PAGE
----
Australasian Science: Australia's authority on science since 1938

Australia’s High Schools Are Into STELR

By Doreen Thomas

The STELR program now reaches 500 schools, 50,000 students and 1500 teachers each year.

The campaign to get Australian secondary students interested in science and technology courses and careers has passed an extraordinary milestone with some 20% of Australian high schools now participating in the STELR program driven by the Academy of Technology and Engineering (ATSE).

The STELR (Science and Technology Education Leveraging Relevance) Program is aimed at science and maths students in years 6–10. It is now running in more than 500 schools in all states and territories, reaching an estimated 50,000 secondary students and more than 1500 teachers each year.

This is a remarkable achievement, given STELR started only 9 years ago as an ATSE response to the declining participation in STEM subjects in schools and tertiary institutions With support from state governments, it was trialled in 30 schools in 2009. Federal government funding enabled it to spread to more than 180 schools in 2010.

The first STELR offering was a renewable energy module, tapping into the high level of concern students have about global warming and climate change. A sustainable housing module is now available and further modules are in development: Carbon Dioxide – Friend or Foe; Water for the 21st Century; Future Health; Car Safety; and Construction Using Computer Modelling.

STELR has evolved to reflect the new Australian science curriculum, and the STELR modules are designed to be taught within the curriculum, making them available to all students in the appropriate year levels of each participating school.

STELR exemplifies an inquiry-based teaching approach and the development of a coherent learning program in which various content strands are interwoven. Modules incorporate contemporary teaching and learning practices, in particular an inquiry-based learning approach that engages and challenges students and teachers.

Teachers are supported through an initial professional development program and follow-up assistance and their evaluations of the program show that it has a positive effect on students’ participation and engagement in learning science and on their perception of the relevance of science in their lives.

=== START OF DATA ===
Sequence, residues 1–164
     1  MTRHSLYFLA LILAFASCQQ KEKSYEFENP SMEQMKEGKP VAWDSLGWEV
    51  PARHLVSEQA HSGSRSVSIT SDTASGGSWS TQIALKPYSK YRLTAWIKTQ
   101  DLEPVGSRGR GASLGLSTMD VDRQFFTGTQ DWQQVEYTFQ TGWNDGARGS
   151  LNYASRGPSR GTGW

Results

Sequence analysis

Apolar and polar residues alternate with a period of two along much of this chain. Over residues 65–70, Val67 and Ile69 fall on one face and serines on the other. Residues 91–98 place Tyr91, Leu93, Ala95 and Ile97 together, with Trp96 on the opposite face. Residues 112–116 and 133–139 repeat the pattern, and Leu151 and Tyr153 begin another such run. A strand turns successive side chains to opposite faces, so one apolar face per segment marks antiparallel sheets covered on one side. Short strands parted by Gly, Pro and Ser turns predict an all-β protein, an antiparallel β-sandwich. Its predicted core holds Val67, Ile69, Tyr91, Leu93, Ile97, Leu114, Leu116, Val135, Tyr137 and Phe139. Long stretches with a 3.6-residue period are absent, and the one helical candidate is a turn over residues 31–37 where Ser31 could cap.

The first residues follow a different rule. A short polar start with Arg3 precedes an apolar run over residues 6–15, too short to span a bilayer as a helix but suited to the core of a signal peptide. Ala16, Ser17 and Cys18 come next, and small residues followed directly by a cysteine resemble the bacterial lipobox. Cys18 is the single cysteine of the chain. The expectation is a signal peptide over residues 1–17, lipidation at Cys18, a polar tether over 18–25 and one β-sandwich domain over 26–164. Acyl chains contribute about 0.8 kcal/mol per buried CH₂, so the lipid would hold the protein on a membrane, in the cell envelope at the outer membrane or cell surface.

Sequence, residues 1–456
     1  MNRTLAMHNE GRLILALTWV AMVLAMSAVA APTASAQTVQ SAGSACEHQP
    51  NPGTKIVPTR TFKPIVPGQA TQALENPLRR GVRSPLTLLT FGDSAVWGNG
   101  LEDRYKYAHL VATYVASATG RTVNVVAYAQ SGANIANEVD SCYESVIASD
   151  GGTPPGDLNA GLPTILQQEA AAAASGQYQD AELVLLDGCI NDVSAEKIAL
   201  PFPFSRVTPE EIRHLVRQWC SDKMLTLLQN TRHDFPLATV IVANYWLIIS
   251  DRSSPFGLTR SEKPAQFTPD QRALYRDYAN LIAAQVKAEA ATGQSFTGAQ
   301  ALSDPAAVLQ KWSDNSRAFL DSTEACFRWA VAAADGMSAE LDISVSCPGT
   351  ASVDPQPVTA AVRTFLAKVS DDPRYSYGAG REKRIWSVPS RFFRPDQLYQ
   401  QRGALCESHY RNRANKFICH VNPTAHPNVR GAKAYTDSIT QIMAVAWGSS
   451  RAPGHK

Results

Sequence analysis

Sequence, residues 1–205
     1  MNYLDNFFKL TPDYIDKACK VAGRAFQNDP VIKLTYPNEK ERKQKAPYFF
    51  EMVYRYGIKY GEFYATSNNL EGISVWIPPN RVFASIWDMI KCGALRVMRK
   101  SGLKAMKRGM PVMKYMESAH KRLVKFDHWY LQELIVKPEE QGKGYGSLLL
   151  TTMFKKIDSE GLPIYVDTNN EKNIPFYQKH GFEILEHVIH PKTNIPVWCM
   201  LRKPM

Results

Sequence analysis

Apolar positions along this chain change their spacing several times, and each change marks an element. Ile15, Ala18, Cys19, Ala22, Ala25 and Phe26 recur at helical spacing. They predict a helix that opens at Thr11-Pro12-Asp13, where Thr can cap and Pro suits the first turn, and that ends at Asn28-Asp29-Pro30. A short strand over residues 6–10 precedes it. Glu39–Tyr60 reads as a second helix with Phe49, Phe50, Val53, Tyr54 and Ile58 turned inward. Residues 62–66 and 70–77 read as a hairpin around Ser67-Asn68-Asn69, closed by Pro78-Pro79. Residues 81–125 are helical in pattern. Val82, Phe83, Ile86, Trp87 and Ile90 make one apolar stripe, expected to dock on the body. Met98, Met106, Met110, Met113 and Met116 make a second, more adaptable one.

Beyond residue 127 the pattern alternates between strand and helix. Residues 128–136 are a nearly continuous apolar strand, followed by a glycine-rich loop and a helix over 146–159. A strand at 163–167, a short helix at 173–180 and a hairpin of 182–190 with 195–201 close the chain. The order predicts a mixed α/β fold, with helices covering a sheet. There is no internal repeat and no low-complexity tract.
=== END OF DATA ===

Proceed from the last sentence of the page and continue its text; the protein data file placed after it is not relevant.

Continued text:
The primary aim of STELR is to address the problem of low participation rates in Australia in science and maths subjects at the upper secondary school level by relating these subjects to highly relevant issues affecting all students. One major reason for these low participation rates is that students do not perceive and appreciate the relevance of science in their lives, despite being surrounded by science and technology.

STELR’s supporting aims are to:

  • improve the level of science literacy and understanding in the community;
  • raise awareness of opportunities in technology-related careers;
  • repare students to engage with science ideas and be knowledgeable about how science and scientists work;
  • increase the number of students choosing science and engineering careers to address the shortage of science and engineering graduates; and
  • improve the quality of science classroom teaching practice.

Its value has been recognised overseas, and it is now being used in New Zealand and in South-East Asia.

Two recent developments are helping STELR to boost its impact. The Inspiring Science & Mathematics Education project involves the development of at least five multidisciplinary classroom modules that use cutting-edge science and engineering contexts and the latest educational theory from partner universities and other research institutions to excite and engage students. PwC has judged STELR one of the best STEM initiatives in Australia and included it among 20 organisations it is supporting through an intense acceleration process to achieve rapid and effective scale through its PwC 21st Century Minds Accelerator Program.

With this sort of support, STELR is destined to continue to change student views of the value of science and technology in our lives.

Prof Doreen Thomas FTSE is Head of Mechanical Engineering at the University of Melbourne, has a national teaching award for her contribution to engineering education and mentorship and is a passionate ambassador for women in science and engineering. She Chairs ATSE’s Education Forum.